Beaten down growth stocks took Powell’s cue that the end of this tightening cycle is just around the corner. Interest rates dropped, along the most critical 10-year portion of the yield curve. Rates down means growthy P/E’s can go up again. Netflix#, Square, Meta#, Nvidia, Qualcomm# and even Peloton posted 5% – 9% gains in Wednesday’s session, and moved even higher yesterday. The Nasdaq advanced over 4%, driven by semiconductor stocks which were up 6% in just one session. Every sector finished in the green with prior leaders like Energy and Industrials lagging behind their growth brethren. The Dow Jones, and its 600-point rally, was a laggard, “only” being up 1.7%. Yesterday, the index dropped fractionally from a negative earnings report out of Salesforce#.
Further optimism is shown in market breadth. 95% of S&P 500 stocks closed positive on Wednesday, which is becoming more frequent as we end 2022. Currently, 92% of the S&P constituents are above their 50-day moving averages. For much of this year, the battle between the market-cap-weighted index and individual stocks showed money flowing out of mega-cap FANGMAN group and into other areas. While the S&P 500 is down ~14% this year, the equal-weight S&P is only down ~8%. The less growthy Dow Jones closed at a seven-month high and now sits just 6% from its all-time record.
If there is any one data point to look at with respect to inflation, it is probably the 10-year Treasury yield. More progress is happening in bond land as well, with the yield on the 10-year down ~80bps since October to 3.53% today. The bond market is pricing in a significant slowdown, lower inflation and a likelihood of lower Fed Funds rates down the road. Currently, markets are pricing in one rate cut in 2023. Take that with a grain of salt though. At this time last year, many did not expect any rate hikes for 2022!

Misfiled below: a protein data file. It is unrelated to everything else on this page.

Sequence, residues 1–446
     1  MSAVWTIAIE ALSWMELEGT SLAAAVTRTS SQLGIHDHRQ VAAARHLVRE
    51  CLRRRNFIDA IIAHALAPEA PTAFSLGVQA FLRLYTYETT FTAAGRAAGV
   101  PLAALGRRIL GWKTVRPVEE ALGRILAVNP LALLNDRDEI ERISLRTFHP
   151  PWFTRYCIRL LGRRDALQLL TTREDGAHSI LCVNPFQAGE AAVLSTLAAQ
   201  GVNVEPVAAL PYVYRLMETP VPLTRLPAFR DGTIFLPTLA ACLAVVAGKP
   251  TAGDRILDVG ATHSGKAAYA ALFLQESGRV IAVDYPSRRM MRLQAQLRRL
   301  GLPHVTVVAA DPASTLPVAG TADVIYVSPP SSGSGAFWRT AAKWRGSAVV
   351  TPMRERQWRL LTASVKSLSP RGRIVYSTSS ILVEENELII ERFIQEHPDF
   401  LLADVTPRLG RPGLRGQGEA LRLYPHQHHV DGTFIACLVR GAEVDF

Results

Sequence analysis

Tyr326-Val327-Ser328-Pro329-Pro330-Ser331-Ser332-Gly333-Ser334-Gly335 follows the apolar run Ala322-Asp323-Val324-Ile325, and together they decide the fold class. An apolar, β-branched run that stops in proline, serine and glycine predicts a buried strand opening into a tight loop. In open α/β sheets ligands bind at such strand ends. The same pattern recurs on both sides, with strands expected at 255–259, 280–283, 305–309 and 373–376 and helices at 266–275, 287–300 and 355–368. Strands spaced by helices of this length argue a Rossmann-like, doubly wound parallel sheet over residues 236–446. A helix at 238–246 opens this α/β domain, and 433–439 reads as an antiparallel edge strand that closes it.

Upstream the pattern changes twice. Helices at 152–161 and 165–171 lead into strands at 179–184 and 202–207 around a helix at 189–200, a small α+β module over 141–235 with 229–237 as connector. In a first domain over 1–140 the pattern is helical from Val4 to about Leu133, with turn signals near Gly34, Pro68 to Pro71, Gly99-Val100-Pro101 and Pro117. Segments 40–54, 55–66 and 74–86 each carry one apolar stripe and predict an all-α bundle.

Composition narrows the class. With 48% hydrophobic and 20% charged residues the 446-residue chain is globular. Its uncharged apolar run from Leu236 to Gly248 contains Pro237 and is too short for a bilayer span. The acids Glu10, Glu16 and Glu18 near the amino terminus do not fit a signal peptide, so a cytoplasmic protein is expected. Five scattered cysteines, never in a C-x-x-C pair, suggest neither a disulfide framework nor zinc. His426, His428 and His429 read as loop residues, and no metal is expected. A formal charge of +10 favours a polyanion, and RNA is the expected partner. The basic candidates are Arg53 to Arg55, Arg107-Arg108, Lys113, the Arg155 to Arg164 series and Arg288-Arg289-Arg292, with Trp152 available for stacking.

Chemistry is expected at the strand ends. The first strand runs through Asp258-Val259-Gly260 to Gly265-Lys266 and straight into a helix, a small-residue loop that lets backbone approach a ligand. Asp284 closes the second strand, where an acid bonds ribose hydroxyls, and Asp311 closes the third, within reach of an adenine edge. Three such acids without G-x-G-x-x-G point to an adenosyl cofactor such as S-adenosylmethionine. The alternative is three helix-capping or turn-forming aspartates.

The Most Anticipated Recession Ever?
Markets are forward looking. What happens in the Summer of 2023 is supposed to be priced into stocks and bonds today. Below is a survey from our own Philadelphia Federal Reserve. Each gray column is a recession. The blue lines represent the percentage of professional forecasters who expect a recession in the coming year. Each recession was preceded by a rising number of “pros” who forecasted a drop in GDP. No recession has ever been more expected than today. Frankly, it is not even close. So, the question remains: Has the Fed overdone this rate hiking cycle? Are earnings going to collapse like in every other recession? Is the most anticipated recession ever already priced in to stocks? There is a big difference from a slight slowdown in GDP for a garden variety recession and one that crushes the economy like 2008/2000…etc.
While we do not have all the answers just yet, what we do believe is that earnings estimates will have another leg lower, implying the current 17X market multiple is overstated. While the Fed slowing down their pace is welcome news, sky-high debt levels and multi-decade interest rates are a bad combination. Bad news was priced in during 2022, but the Dow Jones is already almost back to all-time highs. Some bubble areas have been popped, but upside from here will be much more selective than before. The S&P range of 3600 – 4300 remains our base case. Momentum exists for this rally to at least approach the upper end of that bracket, but one has to be pretty bullish to be a buyer today based on earnings and a successful soft landing from a Fed which continually makes mistakes.
Singers Britney Spears and Nelly Furtado turn 41 and 44 today. Aaron Rodgers is now 39. Lucy Liu turns 54. GO TEAM USA!!!!
James Vogt, 610-260-2214